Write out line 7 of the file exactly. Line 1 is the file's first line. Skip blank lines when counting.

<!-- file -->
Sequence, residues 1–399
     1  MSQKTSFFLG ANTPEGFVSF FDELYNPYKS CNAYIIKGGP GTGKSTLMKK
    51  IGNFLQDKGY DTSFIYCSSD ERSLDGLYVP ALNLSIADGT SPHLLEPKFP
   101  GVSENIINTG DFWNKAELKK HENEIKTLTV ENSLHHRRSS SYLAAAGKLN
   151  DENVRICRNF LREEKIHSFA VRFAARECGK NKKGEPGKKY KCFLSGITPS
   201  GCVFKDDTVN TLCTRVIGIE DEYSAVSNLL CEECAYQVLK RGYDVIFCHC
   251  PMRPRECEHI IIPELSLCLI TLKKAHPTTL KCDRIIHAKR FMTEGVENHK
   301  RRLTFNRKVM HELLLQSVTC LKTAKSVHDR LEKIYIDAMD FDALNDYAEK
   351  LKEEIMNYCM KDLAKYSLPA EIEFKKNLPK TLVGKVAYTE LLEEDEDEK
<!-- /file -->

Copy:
   251  PMRPRECEHI IIPELSLCLI TLKKAHPTTL KCDRIIHAKR FMTEGVENHK